<iframe src="//www.googletagmanager.com/ns.html?id=GTM-WSMCRCP" height="0" width="0" style="display:none;visibility:hidden">

Recession Risk and Recency Bias

Sep 20, 2022 | The Baum Jackson Investment Group


Recessions are painful, but all recessions don't have to look and feel like the last two.

Man looking at tablet on plane

If a friend were to ask you what the definition of a recession is and are we in one, how would you respond? There are multiple answers. For example, we have heard a recession defined as two negative Gross Domestic Product (GDP) quarters in a row, or a large stock market decline, or increasing unemployment, etc.  It could be argued that all of these portend or are the result of recession, but the truth is that only one governing body has authority to proclaim whether we are in a recession: The National Bureau of Economic Research (NBER). Officially, the NBER defines recession as, ‘a significant decline in economic activity that is spread across the economy and lasts more than a few months.”1 This article isn’t going to provide an opinion regarding a potential recession, but rather create context around the subject, both from an economic and market perspective. With that said, let’s expand on the topic of recessions.

Admittedly, the definition of recession is rather vague, but one could argue that it isn’t overly negative and doesn’t have to create a dire scenario.  Sure, there is mention of protracted weakness in economic activity, but notice the NBER uses the word ‘months’ and not years. If the official definition of recession doesn’t necessitate a doomsday scenario, then why do many of us believe a recession is worse than it is? Two reasons: recency bias and availability bias. Recency bias is a cognitive bias that favors recent events over historic ones; i.e. a memory bias2. Availability bias is a mental shortcut that relies on immediate examples that come to a given person’s mind when evaluating a specific topic3. As you’ll see in the next two paragraphs, both of these biases come into play due to extreme recent events. 

Since World War II, recessions have become less harsh, lasting an average of 11.1 months4. The longest post-WWII recession was the great recession that began in December 2007 and ended in June 2009, for a total of 18 months, or 64% longer than the average4. The most recent recession was due to COVID-19 in early 2020, and although the recession technically only lasted two months, the velocity at which the unemployment rate rose made it feel a lot longer and worse than the data indicates. To elaborate, in those two months the unemployment rate went from 3.5% in February 2020 to 14.7% in April 2020. The latter is the highest on record dating back to 19485. Given the two most recent recessions, and the aforementioned inherent biases that exist in the majority of human beings, it is extremely understandable that folks expect a recession scenario will follow the pattern of the previous two.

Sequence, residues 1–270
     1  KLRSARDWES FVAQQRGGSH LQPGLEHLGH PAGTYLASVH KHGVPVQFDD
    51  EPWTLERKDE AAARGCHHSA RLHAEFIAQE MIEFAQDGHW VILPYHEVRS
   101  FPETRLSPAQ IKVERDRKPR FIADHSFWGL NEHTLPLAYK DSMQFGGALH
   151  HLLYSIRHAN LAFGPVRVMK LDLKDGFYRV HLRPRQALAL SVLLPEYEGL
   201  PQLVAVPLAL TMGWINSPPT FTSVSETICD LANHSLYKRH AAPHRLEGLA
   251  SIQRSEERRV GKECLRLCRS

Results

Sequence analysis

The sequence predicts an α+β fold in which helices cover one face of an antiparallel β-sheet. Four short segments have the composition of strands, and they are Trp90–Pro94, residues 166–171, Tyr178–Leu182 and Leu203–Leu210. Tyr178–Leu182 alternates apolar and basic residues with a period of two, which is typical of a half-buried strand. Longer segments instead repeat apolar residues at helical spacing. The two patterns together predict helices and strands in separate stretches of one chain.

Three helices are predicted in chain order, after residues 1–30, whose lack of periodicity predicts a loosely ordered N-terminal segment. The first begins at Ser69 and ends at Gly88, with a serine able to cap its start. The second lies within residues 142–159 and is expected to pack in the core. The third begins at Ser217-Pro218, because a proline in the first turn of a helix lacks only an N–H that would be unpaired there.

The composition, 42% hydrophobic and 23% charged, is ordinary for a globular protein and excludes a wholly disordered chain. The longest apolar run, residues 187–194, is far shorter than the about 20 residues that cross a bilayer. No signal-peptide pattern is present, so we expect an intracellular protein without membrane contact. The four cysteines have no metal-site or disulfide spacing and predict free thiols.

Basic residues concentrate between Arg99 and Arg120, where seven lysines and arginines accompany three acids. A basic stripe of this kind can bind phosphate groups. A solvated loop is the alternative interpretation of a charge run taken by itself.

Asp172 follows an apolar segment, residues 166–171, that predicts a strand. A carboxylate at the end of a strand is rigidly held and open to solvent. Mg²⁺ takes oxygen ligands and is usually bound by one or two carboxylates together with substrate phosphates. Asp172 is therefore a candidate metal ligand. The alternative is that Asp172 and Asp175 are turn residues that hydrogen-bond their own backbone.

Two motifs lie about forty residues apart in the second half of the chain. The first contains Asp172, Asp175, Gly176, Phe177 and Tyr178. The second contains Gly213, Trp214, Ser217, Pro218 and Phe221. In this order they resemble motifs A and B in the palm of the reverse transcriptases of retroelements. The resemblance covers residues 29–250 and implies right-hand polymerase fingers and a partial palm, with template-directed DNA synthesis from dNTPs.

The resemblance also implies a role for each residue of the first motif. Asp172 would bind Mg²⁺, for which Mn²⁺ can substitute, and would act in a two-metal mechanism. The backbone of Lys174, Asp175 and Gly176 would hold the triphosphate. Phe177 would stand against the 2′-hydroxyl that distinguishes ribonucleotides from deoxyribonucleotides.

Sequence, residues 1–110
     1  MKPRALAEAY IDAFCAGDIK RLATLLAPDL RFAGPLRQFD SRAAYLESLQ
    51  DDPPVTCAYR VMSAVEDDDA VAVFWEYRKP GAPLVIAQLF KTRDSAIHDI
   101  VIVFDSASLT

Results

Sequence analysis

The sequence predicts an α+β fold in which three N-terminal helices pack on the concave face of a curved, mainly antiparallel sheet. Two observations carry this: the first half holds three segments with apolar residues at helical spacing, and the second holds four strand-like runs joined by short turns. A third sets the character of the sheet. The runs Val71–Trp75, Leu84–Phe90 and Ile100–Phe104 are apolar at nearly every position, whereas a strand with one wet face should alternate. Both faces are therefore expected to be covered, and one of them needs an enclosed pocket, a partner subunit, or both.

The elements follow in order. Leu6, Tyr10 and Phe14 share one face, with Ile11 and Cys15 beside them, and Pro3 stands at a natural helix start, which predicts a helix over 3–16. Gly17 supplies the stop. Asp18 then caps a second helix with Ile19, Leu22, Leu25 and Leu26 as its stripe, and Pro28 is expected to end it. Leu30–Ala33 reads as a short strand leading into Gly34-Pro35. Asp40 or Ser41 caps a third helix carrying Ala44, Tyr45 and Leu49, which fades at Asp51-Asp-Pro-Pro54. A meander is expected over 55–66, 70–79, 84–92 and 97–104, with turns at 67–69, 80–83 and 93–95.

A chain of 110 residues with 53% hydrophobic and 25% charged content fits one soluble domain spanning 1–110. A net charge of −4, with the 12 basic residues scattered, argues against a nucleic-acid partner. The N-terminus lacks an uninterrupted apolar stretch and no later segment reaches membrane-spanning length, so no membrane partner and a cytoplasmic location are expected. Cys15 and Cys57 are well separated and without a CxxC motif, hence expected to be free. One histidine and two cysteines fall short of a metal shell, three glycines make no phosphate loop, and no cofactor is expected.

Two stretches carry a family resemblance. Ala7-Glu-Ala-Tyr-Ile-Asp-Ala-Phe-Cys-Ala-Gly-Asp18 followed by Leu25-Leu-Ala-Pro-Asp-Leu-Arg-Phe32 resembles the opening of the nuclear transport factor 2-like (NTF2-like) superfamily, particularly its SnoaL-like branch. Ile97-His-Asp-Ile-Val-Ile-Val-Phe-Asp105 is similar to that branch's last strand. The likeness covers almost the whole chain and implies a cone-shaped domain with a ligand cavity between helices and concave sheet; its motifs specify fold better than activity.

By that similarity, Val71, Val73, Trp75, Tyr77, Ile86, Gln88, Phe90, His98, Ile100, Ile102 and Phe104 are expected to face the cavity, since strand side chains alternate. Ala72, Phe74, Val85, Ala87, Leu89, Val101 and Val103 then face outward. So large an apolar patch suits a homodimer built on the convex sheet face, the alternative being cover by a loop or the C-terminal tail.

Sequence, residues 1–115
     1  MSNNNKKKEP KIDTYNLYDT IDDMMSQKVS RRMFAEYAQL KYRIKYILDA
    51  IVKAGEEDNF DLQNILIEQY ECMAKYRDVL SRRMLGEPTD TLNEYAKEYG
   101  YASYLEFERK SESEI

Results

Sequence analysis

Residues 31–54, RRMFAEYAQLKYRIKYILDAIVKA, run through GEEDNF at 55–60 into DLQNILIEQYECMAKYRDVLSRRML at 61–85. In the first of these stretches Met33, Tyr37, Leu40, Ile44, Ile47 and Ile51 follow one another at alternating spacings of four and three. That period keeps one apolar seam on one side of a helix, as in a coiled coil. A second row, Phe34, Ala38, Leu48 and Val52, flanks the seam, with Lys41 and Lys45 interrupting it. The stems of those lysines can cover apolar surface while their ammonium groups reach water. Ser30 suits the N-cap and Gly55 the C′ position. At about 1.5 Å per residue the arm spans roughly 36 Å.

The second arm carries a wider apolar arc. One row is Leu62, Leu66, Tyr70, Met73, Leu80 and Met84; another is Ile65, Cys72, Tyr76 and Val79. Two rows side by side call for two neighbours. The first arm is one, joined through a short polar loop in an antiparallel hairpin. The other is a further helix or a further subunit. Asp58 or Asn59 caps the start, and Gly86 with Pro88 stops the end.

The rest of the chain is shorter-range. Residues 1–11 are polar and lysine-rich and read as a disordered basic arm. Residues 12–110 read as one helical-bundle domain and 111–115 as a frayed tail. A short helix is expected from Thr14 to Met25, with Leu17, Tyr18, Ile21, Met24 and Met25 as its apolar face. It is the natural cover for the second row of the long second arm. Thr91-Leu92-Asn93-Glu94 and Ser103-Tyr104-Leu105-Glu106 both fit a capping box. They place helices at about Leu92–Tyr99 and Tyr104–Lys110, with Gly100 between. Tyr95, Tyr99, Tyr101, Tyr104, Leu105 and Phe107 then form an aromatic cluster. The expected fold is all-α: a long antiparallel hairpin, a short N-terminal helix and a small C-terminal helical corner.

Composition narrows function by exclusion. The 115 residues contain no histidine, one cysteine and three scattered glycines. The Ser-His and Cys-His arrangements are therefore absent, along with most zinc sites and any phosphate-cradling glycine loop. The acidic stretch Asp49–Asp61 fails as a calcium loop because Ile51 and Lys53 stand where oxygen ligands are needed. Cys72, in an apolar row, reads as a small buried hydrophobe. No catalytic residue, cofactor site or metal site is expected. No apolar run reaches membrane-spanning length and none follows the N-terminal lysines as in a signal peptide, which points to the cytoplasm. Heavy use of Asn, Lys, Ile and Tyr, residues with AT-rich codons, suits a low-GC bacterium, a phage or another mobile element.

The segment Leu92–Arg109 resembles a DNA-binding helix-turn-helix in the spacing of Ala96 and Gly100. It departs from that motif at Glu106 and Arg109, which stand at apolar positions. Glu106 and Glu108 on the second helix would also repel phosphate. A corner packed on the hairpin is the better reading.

As it relates to the stock market, there is no question that stocks are negatively impacted by recessions. The good news is that they have always recovered and surpassed their pre-recession levels. For example, during the COVID-19 recession the S&P 500 fell 33.92% from its highest point during the recession. The S&P 500 took 126 trading days after the end of the recession to recover to its pre-recession level, and it continued to rise through the early days of 2022. During the great recession, the S&P 500 fell 55.47% from its highest point. The S&P 500 took 895 trading days after the end of the recession to recover to its pre-recession level6. Although the great recession took longer to recover than the COVID-19 recession, the market was still was able to recover in time.

It is undeniable that the last two recessions were painful from both an economic and stock market perspective, but that doesn’t have to be the case. For example, the S&P 500 fell only 19.83% from its highest point during the recession of January through July 1980, and it fell only 21.57% from its highest point during the recession of the early 1990’s6. Both of these peak to trough declines were significantly less than the last two recessions. 

To summarize, we won’t predict whether we are currently in a recession or could go into a recession, but rather we believe it makes sense to look at the long-term history of recessions and recognize the associated investor biases. If we do go into a recession, statistics show that it may not be as painful as the last two have been. If you are concerned about the economy or stock market and/or want to discuss in more detail, please give us a call, as we always welcome the opportunity to discuss the markets and how they relate to your personal long-term financial planning.